Oklahoma Watch

Oklahoma Watch is a non-profit organization that produces in-depth and investigative journalism on important public-policy issues facing the state. Oklahoma Watch is non-partisan and strives to be balanced, fair, accurate and comprehensive. The reporting project collaborates on occasion with other news outlets. Topics of particular interest include poverty, education, health care, the young and the old, and the disadvantaged.

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Ginny Sain, left and Anna Marie Lane protest the conditions at the Oklahoma County Jail Tuesday evening.
M. Scott Carter / Oklahoma Watch

The sewage problems at the Oklahoma County’s beleaguered jail continue. In an echo of last year, sewage lines at the jail overflowed recently, flooding an unknown number of cells.

The incident mirrored a problem from 2014 in which a sewage line under the building collapsed and prevented county officials from using the kitchen for months.

On Tuesday a half-dozen protesters took to the sidewalk in front of the jail. They said they wanted the public to know just how bad conditions were in the facility, with one calling it “the worst jail in America.”

Demonstrators gather outside the Supreme Court on Thursday after the ruling that Affordable Care Act subsidies are constitutional.
Ted Eytan / Flickr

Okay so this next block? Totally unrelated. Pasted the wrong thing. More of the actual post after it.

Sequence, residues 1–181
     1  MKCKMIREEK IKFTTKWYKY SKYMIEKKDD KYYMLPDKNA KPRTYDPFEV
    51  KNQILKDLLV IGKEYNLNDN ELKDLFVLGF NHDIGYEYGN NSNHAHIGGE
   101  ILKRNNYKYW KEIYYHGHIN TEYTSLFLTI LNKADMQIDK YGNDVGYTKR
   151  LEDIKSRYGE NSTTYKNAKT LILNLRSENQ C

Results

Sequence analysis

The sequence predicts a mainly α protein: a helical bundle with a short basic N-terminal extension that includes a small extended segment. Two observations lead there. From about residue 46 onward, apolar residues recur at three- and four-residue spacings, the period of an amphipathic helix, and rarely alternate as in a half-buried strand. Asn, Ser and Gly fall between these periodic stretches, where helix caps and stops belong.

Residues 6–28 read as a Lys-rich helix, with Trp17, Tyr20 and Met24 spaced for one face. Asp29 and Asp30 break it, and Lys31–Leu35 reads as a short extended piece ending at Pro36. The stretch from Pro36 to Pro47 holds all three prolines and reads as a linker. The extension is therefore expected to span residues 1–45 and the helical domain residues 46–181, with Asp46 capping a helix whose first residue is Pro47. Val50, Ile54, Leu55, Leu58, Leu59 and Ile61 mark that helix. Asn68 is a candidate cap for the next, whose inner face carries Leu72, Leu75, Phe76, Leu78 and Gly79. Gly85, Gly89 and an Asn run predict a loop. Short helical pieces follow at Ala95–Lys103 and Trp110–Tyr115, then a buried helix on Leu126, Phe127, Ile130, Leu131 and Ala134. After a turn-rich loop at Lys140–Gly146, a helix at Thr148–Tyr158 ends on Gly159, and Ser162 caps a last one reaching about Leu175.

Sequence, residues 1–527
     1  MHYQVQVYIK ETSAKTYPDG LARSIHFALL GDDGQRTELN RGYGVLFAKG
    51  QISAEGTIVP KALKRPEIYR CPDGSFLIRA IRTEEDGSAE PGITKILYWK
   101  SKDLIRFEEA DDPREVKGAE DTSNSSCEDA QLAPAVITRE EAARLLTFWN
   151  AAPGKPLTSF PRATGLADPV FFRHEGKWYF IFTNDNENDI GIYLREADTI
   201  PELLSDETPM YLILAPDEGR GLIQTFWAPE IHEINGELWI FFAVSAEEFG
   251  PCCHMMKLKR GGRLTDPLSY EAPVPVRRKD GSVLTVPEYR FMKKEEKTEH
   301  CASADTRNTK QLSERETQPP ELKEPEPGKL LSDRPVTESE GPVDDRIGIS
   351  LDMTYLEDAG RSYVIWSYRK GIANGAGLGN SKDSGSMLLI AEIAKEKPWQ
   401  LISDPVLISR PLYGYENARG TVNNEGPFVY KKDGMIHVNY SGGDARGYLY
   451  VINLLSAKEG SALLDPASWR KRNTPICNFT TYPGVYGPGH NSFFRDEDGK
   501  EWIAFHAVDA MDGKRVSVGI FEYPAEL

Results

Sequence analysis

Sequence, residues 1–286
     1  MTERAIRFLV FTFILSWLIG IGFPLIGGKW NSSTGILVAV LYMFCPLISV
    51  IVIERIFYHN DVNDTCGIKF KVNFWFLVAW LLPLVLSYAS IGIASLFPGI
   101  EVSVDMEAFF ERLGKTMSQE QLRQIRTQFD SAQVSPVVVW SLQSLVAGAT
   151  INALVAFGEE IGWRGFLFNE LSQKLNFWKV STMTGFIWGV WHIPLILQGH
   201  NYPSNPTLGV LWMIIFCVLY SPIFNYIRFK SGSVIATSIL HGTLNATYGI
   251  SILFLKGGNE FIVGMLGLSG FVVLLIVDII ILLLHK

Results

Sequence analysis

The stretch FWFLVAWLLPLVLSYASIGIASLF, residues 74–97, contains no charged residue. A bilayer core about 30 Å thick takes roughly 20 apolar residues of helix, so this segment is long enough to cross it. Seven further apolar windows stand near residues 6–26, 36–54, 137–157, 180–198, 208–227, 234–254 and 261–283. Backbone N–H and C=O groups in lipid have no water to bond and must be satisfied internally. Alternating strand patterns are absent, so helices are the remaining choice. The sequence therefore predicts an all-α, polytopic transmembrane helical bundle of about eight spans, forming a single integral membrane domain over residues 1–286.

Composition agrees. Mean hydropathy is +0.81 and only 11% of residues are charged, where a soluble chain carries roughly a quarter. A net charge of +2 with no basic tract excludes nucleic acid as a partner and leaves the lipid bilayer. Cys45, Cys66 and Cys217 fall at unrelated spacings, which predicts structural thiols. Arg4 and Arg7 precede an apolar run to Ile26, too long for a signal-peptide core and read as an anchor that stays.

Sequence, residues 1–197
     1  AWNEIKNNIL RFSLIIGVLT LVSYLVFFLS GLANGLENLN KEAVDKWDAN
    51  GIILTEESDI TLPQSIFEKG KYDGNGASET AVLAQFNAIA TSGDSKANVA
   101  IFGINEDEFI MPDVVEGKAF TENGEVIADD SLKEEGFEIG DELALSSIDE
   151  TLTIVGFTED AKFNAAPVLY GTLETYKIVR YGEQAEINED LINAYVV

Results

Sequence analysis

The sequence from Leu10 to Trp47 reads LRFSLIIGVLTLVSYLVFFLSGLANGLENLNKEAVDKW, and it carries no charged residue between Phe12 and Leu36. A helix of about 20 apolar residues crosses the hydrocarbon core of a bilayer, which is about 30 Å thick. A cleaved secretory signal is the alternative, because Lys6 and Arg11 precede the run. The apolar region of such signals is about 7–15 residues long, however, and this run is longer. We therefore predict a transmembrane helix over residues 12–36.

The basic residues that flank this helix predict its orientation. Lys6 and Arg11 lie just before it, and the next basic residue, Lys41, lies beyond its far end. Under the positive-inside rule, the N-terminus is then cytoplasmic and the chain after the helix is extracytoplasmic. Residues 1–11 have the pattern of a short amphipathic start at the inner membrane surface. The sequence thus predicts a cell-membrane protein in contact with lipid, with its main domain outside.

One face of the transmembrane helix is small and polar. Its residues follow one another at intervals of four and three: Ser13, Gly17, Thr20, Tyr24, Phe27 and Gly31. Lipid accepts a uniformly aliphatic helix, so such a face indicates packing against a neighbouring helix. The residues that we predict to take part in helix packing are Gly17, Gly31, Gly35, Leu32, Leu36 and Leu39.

The U.S. Supreme Court ruling on the Affordable Care Act means that more than 80,000 Oklahomans can continue to receive federal subsidies to help them pay for health insurance.

It will be days, possibly weeks, before the full impact of the ruling is assessed. In this Q&A, Oklahoma Watch addresses some of the immediate issues raised by the ruling.

Left-to-right: David Fritze, Nicole Washington, Roxanne Hinther, Janet Cizek
Oklahoma Watch

Women in Oklahoma face often unique mental-health challenges in different life situations – whether incarcerated, suffering from depression or post-traumatic stress disorder, or dealing with severe anxiety as a professional or parent.

At an Oklahoma Watch-Out forum in Tulsa May 21, three experts talked about issues ranging from incarcerated women and trauma to postpartum depression and both the cultural and biological factors of mental health.